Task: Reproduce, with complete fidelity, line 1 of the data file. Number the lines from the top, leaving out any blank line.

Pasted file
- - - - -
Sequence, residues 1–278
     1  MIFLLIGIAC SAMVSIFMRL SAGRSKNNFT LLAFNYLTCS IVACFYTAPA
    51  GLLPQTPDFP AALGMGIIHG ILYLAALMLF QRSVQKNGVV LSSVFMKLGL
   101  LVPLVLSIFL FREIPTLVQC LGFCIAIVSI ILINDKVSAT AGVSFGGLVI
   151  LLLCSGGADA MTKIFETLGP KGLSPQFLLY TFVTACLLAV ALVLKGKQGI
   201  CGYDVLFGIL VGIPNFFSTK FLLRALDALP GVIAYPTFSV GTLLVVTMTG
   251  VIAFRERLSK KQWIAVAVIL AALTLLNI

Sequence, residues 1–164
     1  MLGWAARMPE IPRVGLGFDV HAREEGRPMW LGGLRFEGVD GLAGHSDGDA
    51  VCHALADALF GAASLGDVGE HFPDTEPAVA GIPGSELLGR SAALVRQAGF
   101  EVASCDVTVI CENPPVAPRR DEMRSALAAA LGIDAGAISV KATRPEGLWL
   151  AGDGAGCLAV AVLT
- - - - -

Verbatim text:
Sequence, residues 1–278